[ir-i-zis-tuh-buh l]


not resistible; incapable of being resisted or withstood: an irresistible impulse.
lovable, especially calling forth feelings of protective love: an irresistible puppy.
enticing; tempting to possess: an irresistible necklace.


an irresistible person or thing.

Origin of irresistible

From the Medieval Latin word irresistibilis, dating back to 1590–1600. See ir-2, resistible
Related formsir·re·sist·i·bil·i·ty, ir·re·sist·i·ble·ness, nounir·re·sist·i·bly, adverb Unabridged Based on the Random House Unabridged Dictionary, © Random House, Inc. 2019

Examples from the Web for irresistibly

Contemporary Examples of irresistibly

Historical Examples of irresistibly

  • The face, the tone, the outstretched arm, all drew her irresistibly to him.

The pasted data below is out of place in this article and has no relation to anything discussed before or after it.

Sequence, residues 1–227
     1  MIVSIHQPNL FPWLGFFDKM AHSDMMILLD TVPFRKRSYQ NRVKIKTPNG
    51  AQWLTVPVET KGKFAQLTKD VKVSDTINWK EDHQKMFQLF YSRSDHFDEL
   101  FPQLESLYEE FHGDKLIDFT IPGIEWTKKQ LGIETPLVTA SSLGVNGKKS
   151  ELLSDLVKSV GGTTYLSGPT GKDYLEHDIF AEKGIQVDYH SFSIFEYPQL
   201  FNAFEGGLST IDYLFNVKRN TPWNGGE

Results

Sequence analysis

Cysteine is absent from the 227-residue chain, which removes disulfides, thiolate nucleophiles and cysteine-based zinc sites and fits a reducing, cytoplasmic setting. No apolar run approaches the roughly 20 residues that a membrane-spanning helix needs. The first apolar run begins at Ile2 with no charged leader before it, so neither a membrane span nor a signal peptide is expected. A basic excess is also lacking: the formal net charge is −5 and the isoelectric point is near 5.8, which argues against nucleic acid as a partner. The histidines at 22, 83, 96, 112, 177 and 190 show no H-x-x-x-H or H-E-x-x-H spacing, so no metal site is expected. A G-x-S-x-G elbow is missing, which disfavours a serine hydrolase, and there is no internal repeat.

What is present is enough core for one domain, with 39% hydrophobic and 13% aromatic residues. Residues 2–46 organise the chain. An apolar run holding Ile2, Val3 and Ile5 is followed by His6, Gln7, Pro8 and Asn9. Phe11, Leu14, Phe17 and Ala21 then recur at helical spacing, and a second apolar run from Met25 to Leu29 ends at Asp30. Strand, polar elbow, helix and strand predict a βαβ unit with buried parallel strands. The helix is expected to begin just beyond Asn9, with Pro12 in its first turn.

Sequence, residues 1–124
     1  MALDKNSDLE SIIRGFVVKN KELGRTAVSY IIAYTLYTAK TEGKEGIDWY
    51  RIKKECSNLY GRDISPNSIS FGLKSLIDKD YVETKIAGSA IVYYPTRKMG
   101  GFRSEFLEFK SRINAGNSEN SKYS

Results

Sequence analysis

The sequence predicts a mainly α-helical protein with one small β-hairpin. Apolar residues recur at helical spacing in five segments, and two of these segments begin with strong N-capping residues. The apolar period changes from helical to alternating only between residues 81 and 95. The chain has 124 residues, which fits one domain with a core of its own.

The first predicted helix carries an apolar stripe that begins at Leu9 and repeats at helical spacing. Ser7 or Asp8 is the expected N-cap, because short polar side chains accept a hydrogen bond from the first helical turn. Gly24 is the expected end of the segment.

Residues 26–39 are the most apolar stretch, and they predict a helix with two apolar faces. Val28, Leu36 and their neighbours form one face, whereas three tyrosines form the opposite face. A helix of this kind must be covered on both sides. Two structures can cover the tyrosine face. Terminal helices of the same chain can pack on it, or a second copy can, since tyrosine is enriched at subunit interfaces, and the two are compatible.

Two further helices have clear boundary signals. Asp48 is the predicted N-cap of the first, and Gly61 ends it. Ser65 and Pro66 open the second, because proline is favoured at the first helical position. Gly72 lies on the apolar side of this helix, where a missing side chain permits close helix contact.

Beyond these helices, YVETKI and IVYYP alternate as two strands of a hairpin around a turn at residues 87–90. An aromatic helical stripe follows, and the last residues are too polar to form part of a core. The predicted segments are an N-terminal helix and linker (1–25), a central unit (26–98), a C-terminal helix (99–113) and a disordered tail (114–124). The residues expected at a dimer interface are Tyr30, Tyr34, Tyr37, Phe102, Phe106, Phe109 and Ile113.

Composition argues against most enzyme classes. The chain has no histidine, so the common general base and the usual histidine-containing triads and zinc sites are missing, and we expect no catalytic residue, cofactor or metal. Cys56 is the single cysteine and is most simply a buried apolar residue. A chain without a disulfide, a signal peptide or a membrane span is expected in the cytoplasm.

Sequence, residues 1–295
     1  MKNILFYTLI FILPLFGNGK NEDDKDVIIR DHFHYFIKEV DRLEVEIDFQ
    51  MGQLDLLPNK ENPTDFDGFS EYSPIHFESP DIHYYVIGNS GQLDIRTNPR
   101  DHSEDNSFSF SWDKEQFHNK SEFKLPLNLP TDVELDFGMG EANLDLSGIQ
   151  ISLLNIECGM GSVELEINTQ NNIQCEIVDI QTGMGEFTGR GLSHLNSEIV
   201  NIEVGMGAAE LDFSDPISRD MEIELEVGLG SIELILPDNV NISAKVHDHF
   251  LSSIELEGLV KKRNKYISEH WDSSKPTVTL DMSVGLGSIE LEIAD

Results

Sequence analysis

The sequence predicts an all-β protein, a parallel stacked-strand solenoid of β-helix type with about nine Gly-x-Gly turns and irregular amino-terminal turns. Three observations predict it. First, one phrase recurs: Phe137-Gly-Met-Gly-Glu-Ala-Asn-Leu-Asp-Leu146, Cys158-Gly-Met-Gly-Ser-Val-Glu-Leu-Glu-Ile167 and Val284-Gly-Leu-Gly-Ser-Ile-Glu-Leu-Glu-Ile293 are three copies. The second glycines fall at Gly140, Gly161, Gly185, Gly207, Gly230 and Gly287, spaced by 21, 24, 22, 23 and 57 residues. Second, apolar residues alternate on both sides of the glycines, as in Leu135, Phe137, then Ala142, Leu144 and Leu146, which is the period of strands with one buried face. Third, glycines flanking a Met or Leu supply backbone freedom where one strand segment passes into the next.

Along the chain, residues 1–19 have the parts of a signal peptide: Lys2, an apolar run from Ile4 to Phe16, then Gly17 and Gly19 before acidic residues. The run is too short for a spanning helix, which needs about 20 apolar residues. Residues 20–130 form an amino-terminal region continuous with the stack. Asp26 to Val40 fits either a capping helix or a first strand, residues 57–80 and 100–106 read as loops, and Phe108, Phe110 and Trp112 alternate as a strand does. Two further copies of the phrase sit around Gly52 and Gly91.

The Little Colonel

    Annie Fellows Johnston

  • But didnt Altamont say that he had been caught among the ice, and dragged there irresistibly?

    The Field of Ice

    Jules Verne

  • Why were they not always and irresistibly drawn toward the very idea of God?

    Salted With Fire

    George MacDonald

  • "The romance of the story is irresistibly fascinating," says The Independent.

  • We are irresistibly impelled to endeavour to fill up these gaps.

British Dictionary definitions for irresistibly



not able to be resisted or refused; overpoweringan irresistible impulse
very fascinating or alluringan irresistible woman
Derived Formsirresistibility or irresistibleness, nounirresistibly, adverb
Collins English Dictionary - Complete & Unabridged 2012 Digital Edition © William Collins Sons & Co. Ltd. 1979, 1986 © HarperCollins Publishers 1998, 2000, 2003, 2005, 2006, 2007, 2009, 2012

Word Origin and History for irresistibly



1590s, from Late Latin irresistibilis, from assimilated form of in- "not, opposite of" (see in- (1)) + resistere (see resist). Related: Irresistibly; irresistibility.

Online Etymology Dictionary, © 2010 Douglas Harper